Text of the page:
Dec 272013

I learn something every day whether I like it or not. Today’s lesson:

SelectList thinks she’s smarter than you.


I was working in an MVC4 app, making some forms light up with some custom HtmlHelpers. Everything is dandy until a drop-down doesn’t re-populate with the previously selected value after a POST or a fresh GET. That’s funky. The right value is in the database. So I looked at the .cshtml. I had two drop-downs next to each other. I changed the custom HtmlHelpers to PODDLFs (plain old DropDownListFor) and it does the same thing. The one for Suffix “binds” the previously selected value as I’d expect, but the one for Title appears to do nothing.

@Html.DropDownListFor(model => model.Title, Model.SelectLists.PreferredTitles)
@Html.DropDownListFor(model => model.Suffix, Model.SelectLists.Suffixes)

So to be safe, let’s print out the value of Title as a string literal.

Testing: @Model.Title

Yep, works fine. I see “Mr.” just as I’d expect. So I searched for every instance of “.Title” to see if this is happening somewhere else in the app, but there are no other uses in a .cshtml file. What I did find was many instances of @ViewBag.Title being used to set the window and page titles throughout the app. I renamed “Title” to “Prefix” on the model and the fog clears a little. There’s something going on with ViewBag’s Title taking precedence over my model’s Title. To be sure, I undid the renaming operation and changed the impacted view’s ViewBag.Title to be “Mr.”, and then “Dr.”. Regardless of the current value of Model.Title, the value of ViewBag.Title is always used to set the selected value.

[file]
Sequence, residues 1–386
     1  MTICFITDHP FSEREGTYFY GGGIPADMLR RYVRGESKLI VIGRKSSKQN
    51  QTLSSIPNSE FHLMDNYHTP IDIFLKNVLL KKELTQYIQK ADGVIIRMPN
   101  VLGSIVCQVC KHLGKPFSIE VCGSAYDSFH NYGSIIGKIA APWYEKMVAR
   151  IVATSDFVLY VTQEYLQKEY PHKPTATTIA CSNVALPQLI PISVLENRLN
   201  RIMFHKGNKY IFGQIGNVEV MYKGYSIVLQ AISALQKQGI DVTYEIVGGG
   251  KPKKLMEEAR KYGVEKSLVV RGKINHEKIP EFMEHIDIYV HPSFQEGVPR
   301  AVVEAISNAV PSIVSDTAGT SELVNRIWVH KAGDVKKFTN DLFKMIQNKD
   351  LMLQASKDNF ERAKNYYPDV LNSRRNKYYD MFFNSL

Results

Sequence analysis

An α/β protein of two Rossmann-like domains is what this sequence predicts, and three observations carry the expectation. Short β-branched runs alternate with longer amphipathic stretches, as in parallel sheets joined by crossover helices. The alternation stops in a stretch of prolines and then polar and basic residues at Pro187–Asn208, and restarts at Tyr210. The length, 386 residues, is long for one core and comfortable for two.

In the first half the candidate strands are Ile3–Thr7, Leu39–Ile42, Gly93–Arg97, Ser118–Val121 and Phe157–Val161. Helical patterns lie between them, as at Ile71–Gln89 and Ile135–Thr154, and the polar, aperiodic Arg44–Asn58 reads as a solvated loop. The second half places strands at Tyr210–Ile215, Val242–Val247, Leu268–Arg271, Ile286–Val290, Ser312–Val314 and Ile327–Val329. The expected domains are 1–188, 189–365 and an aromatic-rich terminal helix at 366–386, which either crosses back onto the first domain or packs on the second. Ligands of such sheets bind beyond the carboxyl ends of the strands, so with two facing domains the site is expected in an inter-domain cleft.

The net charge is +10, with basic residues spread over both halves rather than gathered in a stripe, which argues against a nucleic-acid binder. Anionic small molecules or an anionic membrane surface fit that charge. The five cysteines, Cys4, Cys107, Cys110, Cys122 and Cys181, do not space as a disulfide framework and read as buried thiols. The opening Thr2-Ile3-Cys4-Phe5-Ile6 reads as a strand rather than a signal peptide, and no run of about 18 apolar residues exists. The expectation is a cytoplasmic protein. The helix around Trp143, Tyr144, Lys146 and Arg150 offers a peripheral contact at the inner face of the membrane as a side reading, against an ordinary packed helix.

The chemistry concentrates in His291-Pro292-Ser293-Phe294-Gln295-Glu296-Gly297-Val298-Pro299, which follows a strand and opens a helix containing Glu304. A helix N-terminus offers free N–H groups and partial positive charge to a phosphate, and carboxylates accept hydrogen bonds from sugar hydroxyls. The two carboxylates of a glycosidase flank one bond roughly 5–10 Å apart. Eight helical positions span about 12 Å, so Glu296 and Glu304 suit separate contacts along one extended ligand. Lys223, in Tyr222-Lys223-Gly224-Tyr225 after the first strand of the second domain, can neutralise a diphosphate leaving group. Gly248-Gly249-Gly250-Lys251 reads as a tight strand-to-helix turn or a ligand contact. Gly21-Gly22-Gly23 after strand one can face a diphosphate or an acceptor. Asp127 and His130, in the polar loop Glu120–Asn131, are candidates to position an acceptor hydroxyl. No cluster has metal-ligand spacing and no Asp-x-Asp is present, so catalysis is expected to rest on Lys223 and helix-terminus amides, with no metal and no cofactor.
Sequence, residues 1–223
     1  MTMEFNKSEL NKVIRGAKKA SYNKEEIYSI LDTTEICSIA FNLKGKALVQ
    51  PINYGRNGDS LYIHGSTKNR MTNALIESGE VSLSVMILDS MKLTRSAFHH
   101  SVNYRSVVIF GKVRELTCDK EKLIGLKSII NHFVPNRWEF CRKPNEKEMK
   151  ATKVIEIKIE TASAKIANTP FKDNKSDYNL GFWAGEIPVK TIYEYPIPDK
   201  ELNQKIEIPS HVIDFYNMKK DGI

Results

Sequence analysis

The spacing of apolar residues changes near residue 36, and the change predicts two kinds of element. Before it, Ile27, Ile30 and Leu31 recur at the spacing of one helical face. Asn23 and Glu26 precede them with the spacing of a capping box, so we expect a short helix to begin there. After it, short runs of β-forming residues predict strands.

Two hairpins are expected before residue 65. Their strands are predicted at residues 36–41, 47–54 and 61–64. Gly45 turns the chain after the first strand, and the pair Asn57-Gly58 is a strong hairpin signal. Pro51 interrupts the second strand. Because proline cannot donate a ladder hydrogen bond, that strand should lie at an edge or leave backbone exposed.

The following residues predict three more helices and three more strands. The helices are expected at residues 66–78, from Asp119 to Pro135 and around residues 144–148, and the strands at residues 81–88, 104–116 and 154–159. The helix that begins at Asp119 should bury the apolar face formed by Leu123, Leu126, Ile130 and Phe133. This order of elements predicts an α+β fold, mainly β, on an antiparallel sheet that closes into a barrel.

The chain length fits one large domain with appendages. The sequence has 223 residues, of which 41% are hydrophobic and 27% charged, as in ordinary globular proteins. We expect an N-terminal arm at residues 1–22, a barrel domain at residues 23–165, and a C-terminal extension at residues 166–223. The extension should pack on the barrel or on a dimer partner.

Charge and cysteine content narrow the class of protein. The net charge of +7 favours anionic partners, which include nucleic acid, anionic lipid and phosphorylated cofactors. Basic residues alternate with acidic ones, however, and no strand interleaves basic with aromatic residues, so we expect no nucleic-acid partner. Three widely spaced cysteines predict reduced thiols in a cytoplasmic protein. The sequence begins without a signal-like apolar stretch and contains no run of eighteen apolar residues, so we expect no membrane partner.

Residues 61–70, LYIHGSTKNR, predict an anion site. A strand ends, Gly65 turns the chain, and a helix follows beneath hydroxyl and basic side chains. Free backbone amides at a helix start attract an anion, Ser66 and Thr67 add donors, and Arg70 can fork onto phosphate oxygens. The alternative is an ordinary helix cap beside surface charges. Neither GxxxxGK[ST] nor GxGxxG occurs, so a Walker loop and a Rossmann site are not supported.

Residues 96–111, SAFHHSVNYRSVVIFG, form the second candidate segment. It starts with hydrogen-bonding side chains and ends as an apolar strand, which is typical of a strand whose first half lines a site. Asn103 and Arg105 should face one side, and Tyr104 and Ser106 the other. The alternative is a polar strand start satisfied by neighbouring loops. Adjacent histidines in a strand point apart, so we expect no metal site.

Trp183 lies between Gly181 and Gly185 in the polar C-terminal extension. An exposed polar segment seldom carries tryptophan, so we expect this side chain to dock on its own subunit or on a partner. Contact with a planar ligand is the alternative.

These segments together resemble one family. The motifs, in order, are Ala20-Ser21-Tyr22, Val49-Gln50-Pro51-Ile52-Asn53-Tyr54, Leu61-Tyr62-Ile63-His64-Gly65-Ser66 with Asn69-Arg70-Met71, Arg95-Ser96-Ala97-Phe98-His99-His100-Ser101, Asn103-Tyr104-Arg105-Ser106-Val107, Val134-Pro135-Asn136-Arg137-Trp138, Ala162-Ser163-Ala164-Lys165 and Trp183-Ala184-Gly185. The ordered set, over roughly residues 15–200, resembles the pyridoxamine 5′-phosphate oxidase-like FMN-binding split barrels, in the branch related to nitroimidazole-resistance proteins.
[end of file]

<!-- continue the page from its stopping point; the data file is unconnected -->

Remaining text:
You can build your SelectList and set whatever “selectedValue” you want. DropDownListFor calls SelectInternal (excerpt below) to build the MvcHtmlString. SelectInternal is responsible for binding the appropriate value for the model/property used in the expression of DropDownListFor.  When the value is not found with GetModelStateValue, ViewData.Eval is used to get the “selected value”. Deep in the internals of ViewData.Eval, ViewBag takes precedence over your model.

object defaultValue = allowMultiple ? htmlHelper.GetModelStateValue(fullHtmlFieldName, typeof(string[])) : htmlHelper.GetModelStateValue(fullHtmlFieldName, typeof(string));
if ((!flag && (defaultValue == null)) && !string.IsNullOrEmpty(name))
    defaultValue = htmlHelper.ViewData.Eval(name);
if (defaultValue != null)
    selectList = GetSelectListWithDefaultValue(selectList, defaultValue, allowMultiple);

So what actually happened was SelectInternal took my page title and tried to make it the selected value in the drop-down list. Knowing why it does this doesn’t make me any happier. I’d really prefer that DropDownListFor use my model’s value like I told it to. Alas, I didn’t write this code and it’s pretty dumb of me to not recognize the clear naming conflict. So I’ll accept this and move on.

Corrective Action

Clearly the best solution is to use much more descriptive names that don’t clobber each other. Changing ViewBag.Title to be ViewBag.PageTitle is the path of least resistance. Simply using “Title” on the model wasn’t very good either. It would be better as “Salutation”, “NamePrefix” or “PreferredTitle” anyway. These types of hidden naming conflicts are sure to stump some people. Remembering this little nugget of the SelectList internals will keep naming/conflicts on my mind for some time.

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